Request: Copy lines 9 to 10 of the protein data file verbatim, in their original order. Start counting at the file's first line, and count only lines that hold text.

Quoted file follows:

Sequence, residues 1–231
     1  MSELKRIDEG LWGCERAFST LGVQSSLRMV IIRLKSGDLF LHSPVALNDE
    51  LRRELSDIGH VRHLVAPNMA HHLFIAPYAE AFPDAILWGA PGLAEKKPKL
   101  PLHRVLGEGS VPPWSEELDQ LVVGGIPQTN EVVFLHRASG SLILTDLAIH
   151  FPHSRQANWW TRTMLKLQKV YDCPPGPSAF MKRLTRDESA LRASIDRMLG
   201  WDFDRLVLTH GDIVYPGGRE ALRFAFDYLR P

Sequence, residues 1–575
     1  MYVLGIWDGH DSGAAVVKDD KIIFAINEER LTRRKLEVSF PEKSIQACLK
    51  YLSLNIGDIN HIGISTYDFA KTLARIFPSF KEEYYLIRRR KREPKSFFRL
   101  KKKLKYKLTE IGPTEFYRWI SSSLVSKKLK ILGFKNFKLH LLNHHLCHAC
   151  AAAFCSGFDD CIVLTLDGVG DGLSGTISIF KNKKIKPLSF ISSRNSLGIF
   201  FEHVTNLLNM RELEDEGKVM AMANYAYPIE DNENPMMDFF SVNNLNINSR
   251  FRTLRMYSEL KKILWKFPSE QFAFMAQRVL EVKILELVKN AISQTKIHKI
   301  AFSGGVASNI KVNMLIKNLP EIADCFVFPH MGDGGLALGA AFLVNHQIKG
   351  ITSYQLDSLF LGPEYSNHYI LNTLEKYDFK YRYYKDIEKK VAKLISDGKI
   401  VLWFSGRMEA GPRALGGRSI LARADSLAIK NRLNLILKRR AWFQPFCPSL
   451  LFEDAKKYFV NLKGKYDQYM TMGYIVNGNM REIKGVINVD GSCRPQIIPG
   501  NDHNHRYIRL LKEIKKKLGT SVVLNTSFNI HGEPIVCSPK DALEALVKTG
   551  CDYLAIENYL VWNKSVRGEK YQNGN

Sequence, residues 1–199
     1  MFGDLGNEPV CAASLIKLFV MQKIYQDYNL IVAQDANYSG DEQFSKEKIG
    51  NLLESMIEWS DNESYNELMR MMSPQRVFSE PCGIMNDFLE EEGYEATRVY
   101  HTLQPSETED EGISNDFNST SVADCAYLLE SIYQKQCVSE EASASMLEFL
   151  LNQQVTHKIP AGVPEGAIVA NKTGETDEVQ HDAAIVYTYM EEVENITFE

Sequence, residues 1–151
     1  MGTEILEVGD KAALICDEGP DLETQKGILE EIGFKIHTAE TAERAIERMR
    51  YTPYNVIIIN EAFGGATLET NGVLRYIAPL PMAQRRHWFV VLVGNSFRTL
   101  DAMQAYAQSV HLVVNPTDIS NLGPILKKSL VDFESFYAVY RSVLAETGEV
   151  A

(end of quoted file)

    51  YLSLNIGDIN HIGISTYDFA KTLARIFPSF KEEYYLIRRR KREPKSFFRL
   101  KKKLKYKLTE IGPTEFYRWI SSSLVSKKLK ILGFKNFKLH LLNHHLCHAC